You have the right to a reasonable amount of privacy. If you’re in public, you either knowingly or unknowingly give your consent to a certain invasion of privacy. However, if you’re in your home or inside your vehicle. To help protect you, our Constitution has declared in the 4th Amendment that:
“The right of the people to be secure in their persons, houses, papers, and effects, against unreasonable searches and seizures, shall not be violated, and no Warrants shall issue, but upon probable cause, supported by Oath or affirmation, and particularly describing the place to be searched, and the persons or things to be seized.”
The breakdown is that you are protected by law from unreasonable search and seizure in your home and on your person.
However, when does your right to privacy end and the search becomes legal?
If you believe you were searched unlawfully and resulted in a DUI charge, call a skilled DUI defense attorney in Asheville for help.
What Validates a Search Warrant
For a search warrant to be valid, it must be issued out by an unbiased judge to carry out the search for a specified object, at a specified time and location. For a judge to sign off on a warrant, it must have been completed in earnest by a law enforcement officer, that has indicated probable cause for the search.
Once the warrant is issued, you are no longer protected by the 4th Amendment to expect a right to privacy, due to the possibility that a crime has been committed. The search warrant allows the investigating officers to seize any evidence that can be used to further their case, even if the evidence collected is outside the scope of the previously listed object of interest.
The search must happen within the time allotted by the warrant in order for it to be considered valid. If the police delay or postpone the search outside the parameters of the warrant, then the evidence collected can be disregarded as illegal.
What to Expect During a Search
Unless the police have a reasonable expectation that you pose a threat, they should conduct themselves in a professional manner, extending you the chance to cooperate with their investigation. They should knock on any doors they wish to enter as well as announcing their presence before breaking down any barriers to entry, such as doors or windows. This “knock and announce” rule is extended to the occupants as a chance to collect themselves and be prepared to interact with the police.
After announcing themselves, they must then present the warrant to search the premises to the occupants without causing any undue harm to those present or any damage to property. If an arrest is made, it must be done so with probable cause.
Notations to Consider Regarding these Rules
There is no official statement officers need to give when announcing themselves, unlike the Miranda Warning.
Just because you didn’t hear the officers announce themselves, doesn’t mean they didn’t.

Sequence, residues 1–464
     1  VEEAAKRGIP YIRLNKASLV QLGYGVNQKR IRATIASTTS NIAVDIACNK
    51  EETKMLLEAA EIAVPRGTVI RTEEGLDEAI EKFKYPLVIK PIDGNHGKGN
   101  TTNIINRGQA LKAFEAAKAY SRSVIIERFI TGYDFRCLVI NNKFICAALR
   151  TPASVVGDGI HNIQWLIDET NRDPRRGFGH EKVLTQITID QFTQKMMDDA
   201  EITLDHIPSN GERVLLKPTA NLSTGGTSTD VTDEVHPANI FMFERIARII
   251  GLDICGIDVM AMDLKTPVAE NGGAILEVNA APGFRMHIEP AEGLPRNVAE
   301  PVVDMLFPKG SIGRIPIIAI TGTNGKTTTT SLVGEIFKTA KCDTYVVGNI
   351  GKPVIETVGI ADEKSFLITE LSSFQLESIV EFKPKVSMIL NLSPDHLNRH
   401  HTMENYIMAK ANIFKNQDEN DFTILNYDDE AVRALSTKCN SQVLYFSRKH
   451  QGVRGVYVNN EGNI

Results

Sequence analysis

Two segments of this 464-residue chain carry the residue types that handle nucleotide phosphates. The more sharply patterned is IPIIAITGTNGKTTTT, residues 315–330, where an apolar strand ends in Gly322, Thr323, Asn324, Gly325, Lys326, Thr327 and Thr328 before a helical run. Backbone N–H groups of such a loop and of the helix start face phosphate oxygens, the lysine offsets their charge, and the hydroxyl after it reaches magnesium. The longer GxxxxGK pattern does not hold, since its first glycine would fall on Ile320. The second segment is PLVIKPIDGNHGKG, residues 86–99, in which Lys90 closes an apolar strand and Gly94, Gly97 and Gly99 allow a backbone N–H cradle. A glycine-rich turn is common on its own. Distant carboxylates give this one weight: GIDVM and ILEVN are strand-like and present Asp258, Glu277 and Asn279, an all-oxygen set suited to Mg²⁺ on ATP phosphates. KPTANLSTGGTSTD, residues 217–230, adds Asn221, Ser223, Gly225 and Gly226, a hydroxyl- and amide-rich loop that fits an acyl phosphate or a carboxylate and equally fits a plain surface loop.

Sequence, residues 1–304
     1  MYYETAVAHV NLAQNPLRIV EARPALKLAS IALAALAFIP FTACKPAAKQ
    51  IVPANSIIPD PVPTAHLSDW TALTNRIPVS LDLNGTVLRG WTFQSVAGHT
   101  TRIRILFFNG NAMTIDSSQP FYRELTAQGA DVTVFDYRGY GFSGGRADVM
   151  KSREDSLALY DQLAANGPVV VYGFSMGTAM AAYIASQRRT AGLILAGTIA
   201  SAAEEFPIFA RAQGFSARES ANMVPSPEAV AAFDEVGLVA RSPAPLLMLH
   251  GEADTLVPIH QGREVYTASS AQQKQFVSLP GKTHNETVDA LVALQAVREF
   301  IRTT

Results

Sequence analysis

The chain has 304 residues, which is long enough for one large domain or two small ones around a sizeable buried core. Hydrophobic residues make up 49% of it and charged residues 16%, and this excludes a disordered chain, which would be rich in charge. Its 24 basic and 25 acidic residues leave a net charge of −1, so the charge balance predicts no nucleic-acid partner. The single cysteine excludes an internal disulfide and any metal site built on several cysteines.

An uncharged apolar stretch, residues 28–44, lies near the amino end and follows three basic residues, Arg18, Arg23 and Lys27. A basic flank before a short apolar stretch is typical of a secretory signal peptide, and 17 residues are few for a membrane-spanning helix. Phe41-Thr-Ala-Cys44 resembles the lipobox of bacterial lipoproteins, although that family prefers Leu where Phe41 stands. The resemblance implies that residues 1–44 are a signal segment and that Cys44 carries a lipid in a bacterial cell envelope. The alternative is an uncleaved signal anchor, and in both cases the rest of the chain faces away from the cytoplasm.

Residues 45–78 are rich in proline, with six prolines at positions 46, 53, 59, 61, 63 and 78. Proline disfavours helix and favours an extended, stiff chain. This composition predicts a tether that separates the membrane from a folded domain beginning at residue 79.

There isn’t a preset time that officers must wait before forcibly entering a domicile, however, the language of the rule states that it must be “reasonable”.
If the officers have reason to suspect that there is a threat of violence or the chance that the evidence they are searching for may be destroyed, then they can forego the knock and announce rule. This is most common when guns and drugs may be at the location of the search.
If the knock and announce rule is ignored, this does not invalidate any of the evidence collected at the scene. However, not every state follows this protocol.
Can a Search Occur Without a Search Warrant?
The key phrase to consider when reviewing the 4th Amendment is that it protects individuals from “unreasonable” search and seizure.
The precludes to a number of circumstances in which you’re 4th Amendment right cannot protect you. The most common exception to your right is the concept of exigent circumstances. This means that an officer can conduct a search without a warrant if the situation requires immediate action, such as the event of an emergency.
Other cases that your 4th Amendment right can be dismissed include the possibility that evidence will be destroyed, the police are actively pursuing you in relation to a crime, or there is a vocal cry for assistance. This policy is in place due to the idea that it is protecting the public by apprehending criminals, preserving critical evidence, or helping those in immediate need.
The police then must justify why they bypassed your constitutional right and if the court deems that the search occurred in bad faith, there was enough time to obtain a warrant, or there was a disregard for standard investigative tactics, then the search may be deemed illegal.
Contact a DUI Defense Attorney
If you believe you’ve been the victim of an unlawful search that resulted in a DUI charge, call our DUI defense law firm in Asheville, NC. Our skilled attorneys can help you with your case.